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Issue: "Mad Dash," Dec. 16, 2000
  • Republican Senate leaders forced a vote on a bill to make it harder for people to erase debts in bankruptcy court. President Clinton has promised a veto. The proposal would use a mathematical formula for determining whether debtors are able to repay part of their debts, but opponents say the plan is too harsh. Bankruptcy filings reached 1.4 million in 1998.
  • Lawmakers in El Salvador last week adopted the U.S. dollar as a currency and established a fixed exchange rate of 8.75 colons per dollar. The government hopes that the move, which forces it to give up any ability to generate inflation, will attract foreign investors. The president of the country's central bank, Rafael Barraza, called on Central American countries to make the U.S. dollar the region's common currency. Panama already has the U.S. dollar as its currency.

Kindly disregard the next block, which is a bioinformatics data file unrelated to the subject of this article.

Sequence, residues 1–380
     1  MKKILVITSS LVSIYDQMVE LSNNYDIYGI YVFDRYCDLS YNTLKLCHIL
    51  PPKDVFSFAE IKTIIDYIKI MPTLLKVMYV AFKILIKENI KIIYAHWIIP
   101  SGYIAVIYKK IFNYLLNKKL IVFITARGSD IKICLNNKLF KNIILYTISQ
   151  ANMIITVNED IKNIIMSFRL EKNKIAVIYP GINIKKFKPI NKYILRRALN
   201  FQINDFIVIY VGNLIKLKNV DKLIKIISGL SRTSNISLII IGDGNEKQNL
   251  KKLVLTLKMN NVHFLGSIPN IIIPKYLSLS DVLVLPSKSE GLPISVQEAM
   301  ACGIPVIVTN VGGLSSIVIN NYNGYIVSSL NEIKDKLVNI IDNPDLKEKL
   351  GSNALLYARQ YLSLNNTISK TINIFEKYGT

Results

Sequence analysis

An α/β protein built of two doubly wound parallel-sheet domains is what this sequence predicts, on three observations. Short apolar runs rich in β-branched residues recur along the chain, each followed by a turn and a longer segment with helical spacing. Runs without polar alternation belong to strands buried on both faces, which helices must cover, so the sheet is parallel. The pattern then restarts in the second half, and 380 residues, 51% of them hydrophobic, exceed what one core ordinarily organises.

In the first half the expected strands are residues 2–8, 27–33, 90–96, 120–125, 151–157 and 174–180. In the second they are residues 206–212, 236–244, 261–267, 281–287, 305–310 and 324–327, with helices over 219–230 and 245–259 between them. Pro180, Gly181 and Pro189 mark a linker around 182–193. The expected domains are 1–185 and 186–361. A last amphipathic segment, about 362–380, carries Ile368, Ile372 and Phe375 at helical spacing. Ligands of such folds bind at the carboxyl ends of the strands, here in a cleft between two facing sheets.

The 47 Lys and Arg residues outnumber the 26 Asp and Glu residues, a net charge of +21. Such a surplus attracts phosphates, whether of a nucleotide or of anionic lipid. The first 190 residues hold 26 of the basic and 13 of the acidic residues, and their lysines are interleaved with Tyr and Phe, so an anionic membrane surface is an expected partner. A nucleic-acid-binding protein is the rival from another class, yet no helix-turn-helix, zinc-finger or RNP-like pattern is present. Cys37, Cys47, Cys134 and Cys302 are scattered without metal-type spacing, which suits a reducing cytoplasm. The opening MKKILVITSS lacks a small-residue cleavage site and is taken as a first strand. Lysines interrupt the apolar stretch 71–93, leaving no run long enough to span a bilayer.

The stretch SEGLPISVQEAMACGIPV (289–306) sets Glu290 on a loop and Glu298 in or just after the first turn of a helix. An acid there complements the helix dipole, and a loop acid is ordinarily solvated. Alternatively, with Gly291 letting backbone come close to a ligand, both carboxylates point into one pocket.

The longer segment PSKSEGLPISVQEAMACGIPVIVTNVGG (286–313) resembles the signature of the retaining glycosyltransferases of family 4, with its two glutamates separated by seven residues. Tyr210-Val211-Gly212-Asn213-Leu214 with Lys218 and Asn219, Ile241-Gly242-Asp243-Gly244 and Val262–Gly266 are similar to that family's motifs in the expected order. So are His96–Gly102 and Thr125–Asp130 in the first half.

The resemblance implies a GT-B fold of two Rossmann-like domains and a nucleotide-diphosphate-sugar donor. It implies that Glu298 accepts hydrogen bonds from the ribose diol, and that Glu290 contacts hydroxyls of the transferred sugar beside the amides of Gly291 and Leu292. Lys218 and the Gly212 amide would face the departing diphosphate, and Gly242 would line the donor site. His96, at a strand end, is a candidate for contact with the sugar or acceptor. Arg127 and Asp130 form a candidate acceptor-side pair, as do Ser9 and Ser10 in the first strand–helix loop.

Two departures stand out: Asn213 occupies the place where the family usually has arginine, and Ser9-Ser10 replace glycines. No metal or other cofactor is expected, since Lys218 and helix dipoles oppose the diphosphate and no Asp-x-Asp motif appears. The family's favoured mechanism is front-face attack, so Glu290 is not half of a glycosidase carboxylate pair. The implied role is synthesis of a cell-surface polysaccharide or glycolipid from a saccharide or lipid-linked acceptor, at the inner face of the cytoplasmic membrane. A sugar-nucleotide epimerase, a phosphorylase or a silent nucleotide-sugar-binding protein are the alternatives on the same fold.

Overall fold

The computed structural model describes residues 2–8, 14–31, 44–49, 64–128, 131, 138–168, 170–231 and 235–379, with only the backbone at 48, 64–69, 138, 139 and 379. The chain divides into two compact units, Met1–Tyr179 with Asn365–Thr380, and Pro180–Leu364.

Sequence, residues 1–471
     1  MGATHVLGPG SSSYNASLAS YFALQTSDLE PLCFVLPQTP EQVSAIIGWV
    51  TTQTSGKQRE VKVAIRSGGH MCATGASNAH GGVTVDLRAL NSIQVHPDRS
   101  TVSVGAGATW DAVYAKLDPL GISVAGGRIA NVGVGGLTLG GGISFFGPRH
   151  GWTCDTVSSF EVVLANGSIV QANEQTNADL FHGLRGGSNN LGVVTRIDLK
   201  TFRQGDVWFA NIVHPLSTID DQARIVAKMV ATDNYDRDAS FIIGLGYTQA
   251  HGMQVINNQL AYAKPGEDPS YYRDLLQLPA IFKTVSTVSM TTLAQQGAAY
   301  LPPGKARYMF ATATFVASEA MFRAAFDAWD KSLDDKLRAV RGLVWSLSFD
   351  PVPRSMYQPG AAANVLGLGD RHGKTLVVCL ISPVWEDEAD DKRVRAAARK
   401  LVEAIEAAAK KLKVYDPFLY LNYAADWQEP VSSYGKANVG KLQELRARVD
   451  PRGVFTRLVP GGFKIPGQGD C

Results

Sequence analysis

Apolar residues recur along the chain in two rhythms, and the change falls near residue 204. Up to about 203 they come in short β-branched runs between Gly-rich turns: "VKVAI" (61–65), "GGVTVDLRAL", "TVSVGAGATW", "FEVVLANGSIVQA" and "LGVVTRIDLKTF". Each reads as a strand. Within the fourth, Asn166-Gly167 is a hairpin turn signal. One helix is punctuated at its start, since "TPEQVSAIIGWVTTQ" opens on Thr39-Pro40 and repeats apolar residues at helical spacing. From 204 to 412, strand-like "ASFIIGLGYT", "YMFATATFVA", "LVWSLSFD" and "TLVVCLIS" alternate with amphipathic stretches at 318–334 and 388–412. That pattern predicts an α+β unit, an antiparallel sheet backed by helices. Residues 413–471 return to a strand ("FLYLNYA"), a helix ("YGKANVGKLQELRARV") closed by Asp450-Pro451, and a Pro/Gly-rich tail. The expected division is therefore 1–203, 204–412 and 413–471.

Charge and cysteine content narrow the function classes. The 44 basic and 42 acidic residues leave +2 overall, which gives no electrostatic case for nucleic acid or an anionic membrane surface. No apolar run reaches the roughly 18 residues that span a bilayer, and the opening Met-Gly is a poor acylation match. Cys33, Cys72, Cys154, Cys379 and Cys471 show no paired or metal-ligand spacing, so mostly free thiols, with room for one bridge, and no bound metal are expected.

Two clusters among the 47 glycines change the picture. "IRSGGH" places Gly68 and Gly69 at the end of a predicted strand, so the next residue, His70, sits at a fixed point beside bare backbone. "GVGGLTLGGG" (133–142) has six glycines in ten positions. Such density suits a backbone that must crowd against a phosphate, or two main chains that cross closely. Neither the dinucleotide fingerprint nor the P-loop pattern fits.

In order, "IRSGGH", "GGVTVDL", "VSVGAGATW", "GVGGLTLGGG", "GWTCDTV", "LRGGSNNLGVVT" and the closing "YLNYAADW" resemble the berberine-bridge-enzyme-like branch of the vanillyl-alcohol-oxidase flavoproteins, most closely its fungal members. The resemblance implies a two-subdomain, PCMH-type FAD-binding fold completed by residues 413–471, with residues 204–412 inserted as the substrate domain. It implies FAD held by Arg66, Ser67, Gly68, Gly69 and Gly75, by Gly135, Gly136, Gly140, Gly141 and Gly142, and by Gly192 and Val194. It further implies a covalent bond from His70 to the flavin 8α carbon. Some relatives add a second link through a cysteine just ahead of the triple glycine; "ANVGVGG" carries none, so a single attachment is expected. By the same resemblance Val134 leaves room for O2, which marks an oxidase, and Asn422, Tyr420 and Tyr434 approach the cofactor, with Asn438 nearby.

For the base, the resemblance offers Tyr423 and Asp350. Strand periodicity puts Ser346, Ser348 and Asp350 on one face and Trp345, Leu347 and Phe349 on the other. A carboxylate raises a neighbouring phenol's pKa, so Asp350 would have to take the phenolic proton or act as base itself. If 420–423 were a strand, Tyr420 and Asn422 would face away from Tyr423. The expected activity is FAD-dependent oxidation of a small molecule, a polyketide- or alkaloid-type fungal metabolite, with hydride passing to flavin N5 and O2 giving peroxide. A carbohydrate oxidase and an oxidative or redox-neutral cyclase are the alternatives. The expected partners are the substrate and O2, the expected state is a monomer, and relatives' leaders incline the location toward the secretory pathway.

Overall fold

• The last bastion of chivalry may be in Grand Rapids. Authorities there charged a 27-year-old Michigan man under a 102-year-old law that prohibits cursing in the presence of women and children. Jeffery Richards is accused of using foul language in front of children on a school bus. He said that he believed the driver was mistreating his daughter. Earlier this year a judge ruled that the law is constitutional.
  • Duke University, which is affiliated with the United Methodist Church (UMC), announced that it will allow homosexual unions at Duke Chapel. The UMC prohibits same-sex ceremonies, but Duke maintains that its famous gothic chapel is a "university facility" and isn't tied to the UMC. Unitarians, United Church of Christ members, and some Baptists want to conduct same-sex ceremonies at the chapel.
  • The Brady Bill is taking a heavy toll on some gun dealers. A study from the Violence Policy Center, a pro-gun control think tank, claims that the number of gun dealers today is less than 30 percent of the number six years ago. Smaller dealers, who cannot afford to comply with the regulations, have been hit hardest.
  • Benjamin Harrison Holcomb, billed as the world's oldest man by the Guinness Book of Records, died at the age of 111 in the arms of his 84-year-old daughter. An avid hunter, he was profiled by Outdoor Life magazine for being the oldest man, at 107, to shoot a deer.

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